Over the past two years, demand for devices and connectivity to support the switch to the distributed workplace has skyrocketed. Organizations were often forced to quickly purchase new and refurbished devices to accommodate employees working from home. Now that many companies are bringing employees back to the office, the â€œping pongâ€ from office to home poses some new challenges for enterprises. What will they do with the IT assets to equip their remote workforce? And what happens to the corporate and the customer data that might reside on these devices after months, or even years, of saving files to desktops, etc.?Â
Companies must develop strategies and policies to address these issues sooner rather than later. Organizations’ updated asset management policies should also consider the dire consequences of dumping used IT assets into landfills, including the negative impact on the planet and climate change.Â Â
E-waste Has Reached Crisis Proportions
As the conversation and action heat up on global climate change, e-waste is an often overlooked issueOpens a new window . However, e-waste, which includes everything from desktop and laptop computers to old gaming devices and remote controls, is reaching crisis levels. A record 53.6 million metric tons (Mt) of e-waste was generated worldwide in 2019, an increase of 21% from the previous five years, according to the Global E-waste Monitor 2020Opens a new window . The report also predicts global e-waste will reach 74 Mt by 2030, almost doubling in just 16 years.Â
Solving the e-waste issue will involve a global collaboration between governments and private industries to make a dent truly. One example of action on e-waste on a governmental level is the EU’sOpens a new window September 2021 law that will require a common charger for many portable electronic devices. Once enforced, mobile phones, tablets, keyboards, etc., will all require the same type of charger, the USB-C.Â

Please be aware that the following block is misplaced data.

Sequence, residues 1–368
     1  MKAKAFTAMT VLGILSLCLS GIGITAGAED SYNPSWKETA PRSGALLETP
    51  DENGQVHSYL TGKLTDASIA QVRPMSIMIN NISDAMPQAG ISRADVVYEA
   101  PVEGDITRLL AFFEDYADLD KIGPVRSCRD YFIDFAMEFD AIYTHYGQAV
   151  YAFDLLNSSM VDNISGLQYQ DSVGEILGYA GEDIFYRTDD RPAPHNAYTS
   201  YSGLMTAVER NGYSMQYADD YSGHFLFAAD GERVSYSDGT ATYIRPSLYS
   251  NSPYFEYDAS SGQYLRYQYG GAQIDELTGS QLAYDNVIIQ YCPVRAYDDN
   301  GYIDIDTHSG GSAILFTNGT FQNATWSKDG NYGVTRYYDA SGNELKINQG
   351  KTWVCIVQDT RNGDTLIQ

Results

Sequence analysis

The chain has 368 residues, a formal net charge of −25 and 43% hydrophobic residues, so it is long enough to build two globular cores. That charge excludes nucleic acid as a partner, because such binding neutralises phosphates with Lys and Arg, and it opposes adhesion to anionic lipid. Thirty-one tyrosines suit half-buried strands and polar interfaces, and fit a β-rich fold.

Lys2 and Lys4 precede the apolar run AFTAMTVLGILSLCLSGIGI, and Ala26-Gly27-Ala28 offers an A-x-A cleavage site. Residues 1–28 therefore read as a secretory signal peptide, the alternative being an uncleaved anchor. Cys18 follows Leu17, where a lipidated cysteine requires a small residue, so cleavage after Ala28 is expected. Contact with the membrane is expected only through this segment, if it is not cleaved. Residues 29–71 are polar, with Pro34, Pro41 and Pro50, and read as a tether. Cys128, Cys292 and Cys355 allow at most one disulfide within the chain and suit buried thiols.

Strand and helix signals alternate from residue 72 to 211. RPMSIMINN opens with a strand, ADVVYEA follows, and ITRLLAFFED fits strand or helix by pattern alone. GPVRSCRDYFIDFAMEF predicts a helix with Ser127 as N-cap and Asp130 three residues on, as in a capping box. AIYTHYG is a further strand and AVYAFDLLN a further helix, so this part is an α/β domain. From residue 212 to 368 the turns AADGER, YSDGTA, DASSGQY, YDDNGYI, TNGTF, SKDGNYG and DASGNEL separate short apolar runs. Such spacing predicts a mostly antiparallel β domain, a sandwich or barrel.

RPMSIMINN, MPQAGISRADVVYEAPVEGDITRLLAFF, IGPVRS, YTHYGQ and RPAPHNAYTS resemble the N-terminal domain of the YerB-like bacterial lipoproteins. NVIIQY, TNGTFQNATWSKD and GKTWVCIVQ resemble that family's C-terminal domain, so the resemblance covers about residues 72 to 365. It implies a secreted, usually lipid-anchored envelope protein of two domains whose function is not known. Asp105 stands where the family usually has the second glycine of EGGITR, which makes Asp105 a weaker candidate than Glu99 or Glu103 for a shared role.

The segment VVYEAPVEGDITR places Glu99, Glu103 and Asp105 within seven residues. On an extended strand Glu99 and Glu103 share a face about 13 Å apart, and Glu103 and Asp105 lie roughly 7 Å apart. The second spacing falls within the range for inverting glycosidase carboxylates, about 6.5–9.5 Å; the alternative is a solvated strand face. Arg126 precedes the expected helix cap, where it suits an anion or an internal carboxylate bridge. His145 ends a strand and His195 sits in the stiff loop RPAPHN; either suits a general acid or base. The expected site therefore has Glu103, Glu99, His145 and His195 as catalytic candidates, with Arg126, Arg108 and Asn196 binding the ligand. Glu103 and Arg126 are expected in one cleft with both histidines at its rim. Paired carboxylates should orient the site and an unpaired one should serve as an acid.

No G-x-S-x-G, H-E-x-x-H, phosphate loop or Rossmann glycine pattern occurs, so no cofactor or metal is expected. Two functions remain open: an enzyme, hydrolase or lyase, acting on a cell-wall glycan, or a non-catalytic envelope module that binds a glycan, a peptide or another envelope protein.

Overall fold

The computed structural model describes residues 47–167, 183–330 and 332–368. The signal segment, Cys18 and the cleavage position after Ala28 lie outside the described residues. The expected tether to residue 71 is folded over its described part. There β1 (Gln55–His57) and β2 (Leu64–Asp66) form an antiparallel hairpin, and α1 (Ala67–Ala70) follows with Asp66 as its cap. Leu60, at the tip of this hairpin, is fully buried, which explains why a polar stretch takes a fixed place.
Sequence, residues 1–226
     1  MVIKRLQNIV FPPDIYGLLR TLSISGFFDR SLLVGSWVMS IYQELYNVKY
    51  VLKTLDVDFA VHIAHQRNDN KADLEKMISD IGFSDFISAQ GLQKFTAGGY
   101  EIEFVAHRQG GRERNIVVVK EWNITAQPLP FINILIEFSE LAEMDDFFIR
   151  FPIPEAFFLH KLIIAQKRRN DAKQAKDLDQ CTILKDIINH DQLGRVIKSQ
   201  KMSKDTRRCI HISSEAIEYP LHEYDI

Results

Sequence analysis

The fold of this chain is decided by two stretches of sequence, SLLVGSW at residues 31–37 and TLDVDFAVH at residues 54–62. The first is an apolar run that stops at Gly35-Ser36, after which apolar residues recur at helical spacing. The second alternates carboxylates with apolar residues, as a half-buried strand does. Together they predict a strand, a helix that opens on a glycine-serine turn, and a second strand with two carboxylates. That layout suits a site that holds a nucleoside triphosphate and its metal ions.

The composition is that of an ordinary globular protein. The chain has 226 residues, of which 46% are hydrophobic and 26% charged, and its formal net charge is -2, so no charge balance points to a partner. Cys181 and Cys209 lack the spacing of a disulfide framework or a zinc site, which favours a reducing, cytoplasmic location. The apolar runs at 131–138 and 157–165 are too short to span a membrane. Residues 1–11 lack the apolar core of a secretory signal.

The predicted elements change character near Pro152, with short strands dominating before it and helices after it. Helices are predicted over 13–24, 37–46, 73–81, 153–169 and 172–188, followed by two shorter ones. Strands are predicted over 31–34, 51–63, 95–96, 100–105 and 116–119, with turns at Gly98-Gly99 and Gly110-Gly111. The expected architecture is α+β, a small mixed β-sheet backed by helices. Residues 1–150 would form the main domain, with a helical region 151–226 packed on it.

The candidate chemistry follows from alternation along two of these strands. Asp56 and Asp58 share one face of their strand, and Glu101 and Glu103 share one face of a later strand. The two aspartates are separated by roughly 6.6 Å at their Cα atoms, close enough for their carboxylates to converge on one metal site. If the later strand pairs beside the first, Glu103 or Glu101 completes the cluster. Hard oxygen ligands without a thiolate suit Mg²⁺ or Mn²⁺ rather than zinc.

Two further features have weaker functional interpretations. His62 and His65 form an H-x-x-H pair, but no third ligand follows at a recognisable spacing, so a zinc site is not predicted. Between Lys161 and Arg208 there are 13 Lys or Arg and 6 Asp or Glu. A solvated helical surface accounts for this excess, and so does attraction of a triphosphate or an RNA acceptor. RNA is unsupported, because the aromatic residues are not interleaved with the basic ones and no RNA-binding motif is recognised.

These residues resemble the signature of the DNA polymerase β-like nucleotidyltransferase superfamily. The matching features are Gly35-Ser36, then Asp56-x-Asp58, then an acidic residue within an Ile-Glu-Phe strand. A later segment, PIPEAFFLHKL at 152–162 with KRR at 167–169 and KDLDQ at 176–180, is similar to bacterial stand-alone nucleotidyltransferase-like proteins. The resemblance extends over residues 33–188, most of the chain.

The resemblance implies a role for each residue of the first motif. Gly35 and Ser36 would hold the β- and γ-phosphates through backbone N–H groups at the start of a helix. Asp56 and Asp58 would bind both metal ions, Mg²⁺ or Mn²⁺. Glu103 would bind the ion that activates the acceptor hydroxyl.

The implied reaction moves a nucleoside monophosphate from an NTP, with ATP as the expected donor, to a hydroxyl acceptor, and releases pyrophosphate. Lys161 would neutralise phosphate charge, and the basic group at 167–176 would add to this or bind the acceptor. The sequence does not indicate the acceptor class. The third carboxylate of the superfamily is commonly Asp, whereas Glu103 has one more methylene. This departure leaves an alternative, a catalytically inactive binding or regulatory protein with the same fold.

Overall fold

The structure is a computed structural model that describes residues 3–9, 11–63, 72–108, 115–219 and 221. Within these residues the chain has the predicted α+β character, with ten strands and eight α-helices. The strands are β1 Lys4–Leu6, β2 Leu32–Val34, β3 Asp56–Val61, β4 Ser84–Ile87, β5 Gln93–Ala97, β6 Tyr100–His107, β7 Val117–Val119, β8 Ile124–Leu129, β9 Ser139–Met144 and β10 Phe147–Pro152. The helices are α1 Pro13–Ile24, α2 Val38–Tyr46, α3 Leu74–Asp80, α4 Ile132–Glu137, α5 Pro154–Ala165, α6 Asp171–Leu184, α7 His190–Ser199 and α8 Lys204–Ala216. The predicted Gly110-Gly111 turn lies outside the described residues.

However, companies can also be good corporate citizens and institute better policies for dealing with end-of-life assets responsibly, including not dumping broken and outdated hardware into garbage dumps. Organizations can address their data and IT asset lifecycles by focusing on three key areas as employees embark on the â€œGreat Transitionâ€ back to the office:
1. Take a sustainable approach to extend the life of devicesÂ
Many companies believe destroying assets is the best and least expensive option due to a lack of knowledge about more sustainable alternatives. By creating policies with e-waste top of mind, companies can contribute to the circular economy by donating used but operational devices to schools and non-profits or reselling used equipment for its components, once securely sanitized of all corporate and customer data.Â
In light of the e-waste crisis, the corporate culture of â€œtake, make, consume, disposeâ€ must change. In many cases, perfectly functional devices and equipment are physically destroyed due to a lack of awareness of alternative options, including data sanitization and e-recycling. But re-using equipment internally or donating that equipment is important from an environmental and social impact standpoint. Recycling hardware provides non-profits, schools, and other organizations with affordable computer equipment and creates sustainable jobs in the refurbishment industry.
2. Build a culture of improved cyber hygieneÂ